Indian Tribe's Standing to Challenge Settlement Distribution and Patent Cases
Today, the Federal Circuit decided a patent infringement case and another involving an action against the United States for breach of fiduciary duty relating to the government's distribution of revenue derived from an Indian reservation.
In Richardson v. Stanley Works, Inc., No. 09-1354, the court faced a challenge to the district court's finding of noninfringement relating to a design patent for a multi-function carpentry tool that combines a hammer with another tool. In affirming the decision, the court held that the district court correctly construed the claims at issue and correctly determined that the patent was not infringed.
In Hoopa Valley Tribe v. US., No. 09-5084, the court faced a challenge to the Court of Federal Claims' entry of judgment in favor of the government on the ground that the plaintiff lacked standing to challenge the distribution of trust funds to the Yurok Tribe, from the Settlement Fund that was established under the Hoopa-Yurok Settlement Act.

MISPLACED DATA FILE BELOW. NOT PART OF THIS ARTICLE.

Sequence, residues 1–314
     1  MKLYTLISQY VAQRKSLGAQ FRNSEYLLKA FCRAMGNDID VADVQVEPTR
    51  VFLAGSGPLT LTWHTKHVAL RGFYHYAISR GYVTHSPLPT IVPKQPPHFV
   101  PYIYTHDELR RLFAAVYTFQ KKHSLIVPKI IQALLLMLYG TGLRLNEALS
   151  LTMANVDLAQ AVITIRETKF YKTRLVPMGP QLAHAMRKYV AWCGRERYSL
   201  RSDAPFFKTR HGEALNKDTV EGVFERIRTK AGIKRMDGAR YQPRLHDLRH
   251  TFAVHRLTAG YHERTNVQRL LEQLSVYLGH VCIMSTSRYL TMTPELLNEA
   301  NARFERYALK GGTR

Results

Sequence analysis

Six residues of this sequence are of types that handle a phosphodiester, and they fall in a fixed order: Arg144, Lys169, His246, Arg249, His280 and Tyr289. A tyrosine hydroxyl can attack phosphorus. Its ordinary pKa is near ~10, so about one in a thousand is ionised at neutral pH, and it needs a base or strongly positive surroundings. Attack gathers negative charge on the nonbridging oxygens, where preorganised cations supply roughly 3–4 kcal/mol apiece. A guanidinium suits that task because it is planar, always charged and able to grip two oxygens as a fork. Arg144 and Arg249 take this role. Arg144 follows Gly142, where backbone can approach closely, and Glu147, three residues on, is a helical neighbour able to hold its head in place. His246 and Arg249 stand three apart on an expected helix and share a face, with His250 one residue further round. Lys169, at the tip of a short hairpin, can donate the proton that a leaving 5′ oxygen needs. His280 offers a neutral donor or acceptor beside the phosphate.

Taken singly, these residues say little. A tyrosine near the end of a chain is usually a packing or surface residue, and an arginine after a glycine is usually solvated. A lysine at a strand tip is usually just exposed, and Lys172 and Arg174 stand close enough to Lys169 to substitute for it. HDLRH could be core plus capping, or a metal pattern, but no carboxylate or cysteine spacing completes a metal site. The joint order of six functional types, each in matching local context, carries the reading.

As stated in the decision: "The Hoopa Valley Tribe waived any claim against the government arising from the Act, received its share of the Settlement Fund, and retained no entitlement to the remainder in the Settlement Fund. As such, at the time DOI distributed the remainder to the Yurok Trine, the Hoopa Valley Tribe was not a beneficiary of, and had no legally protected interest in, the Settlement Fund.
Thus, the court affirmed the decision of the Court of Federal Claims and held that the plaintiff lacked standing because it cannot show an injury in fact.
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